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a close up of an animal

On the 14th of December, 1911, an intrepid Norwegian explorer took humanity to the South Pole.

The first man to arrive at the South Pole was renowned for his keen intellect and ruthless efficiency. You don’t travel through the world’s most testing environment to arrive at this point by accident. Norwegian explorer Roald Amundsen had spent years planning and dreaming of his moment.

Previously he had travelled into the Antarctic as first mate on another mission in 1897. After that he led the first journey to successfully navigate the Northwest Passage between the Atlantic and Pacific oceans.

He left Norway in August 1910 with provisions for two years. He was confident in his mission, having previously explored parts of the Arctic and Antarctic. He was also well prepared, relying more heavily on huskies when compared to his competitors. In all he had close to 100 dogs with him.

After setting up base in the Bay of Whales the expedition began setting up supply depots before taking shelter over winter and preparing for the big journey. While delays and dark days affected morale five men and 52 dogs eventually left the base on 19 October, 1911, setting off for the pole.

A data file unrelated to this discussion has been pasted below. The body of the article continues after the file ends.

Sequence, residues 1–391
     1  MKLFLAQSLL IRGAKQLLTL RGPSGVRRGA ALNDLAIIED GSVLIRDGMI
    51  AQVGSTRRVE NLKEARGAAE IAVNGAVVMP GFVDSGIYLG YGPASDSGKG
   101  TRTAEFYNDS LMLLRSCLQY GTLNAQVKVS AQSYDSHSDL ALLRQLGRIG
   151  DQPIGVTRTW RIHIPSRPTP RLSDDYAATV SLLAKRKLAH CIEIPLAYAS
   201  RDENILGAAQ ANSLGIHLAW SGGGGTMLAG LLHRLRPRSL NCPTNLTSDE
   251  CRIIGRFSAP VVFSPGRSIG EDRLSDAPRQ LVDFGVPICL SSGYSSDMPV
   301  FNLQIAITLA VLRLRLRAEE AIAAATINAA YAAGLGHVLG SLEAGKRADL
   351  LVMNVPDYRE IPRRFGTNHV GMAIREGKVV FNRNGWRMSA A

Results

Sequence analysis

The use of huskies was an advantage Amundsen had over his rivals (who relied predominantly on manpower for the journey). Not all the dogs would return as the group used many some for food during the journey.

Amundsen’s arrival at the pole before Christmas was the culmination of years of dreams and plans, many months at sea and many more across the ice.

At the time his feat would be both lauded and maligned. But he’d beaten Captain Scott by five weeks to the pole and survived to tell his tale. In 1926 he would lead the first expedition by air to the North Pole, making him the first explorer to ever reach both poles and further cementing his place in history as one of our great explorers.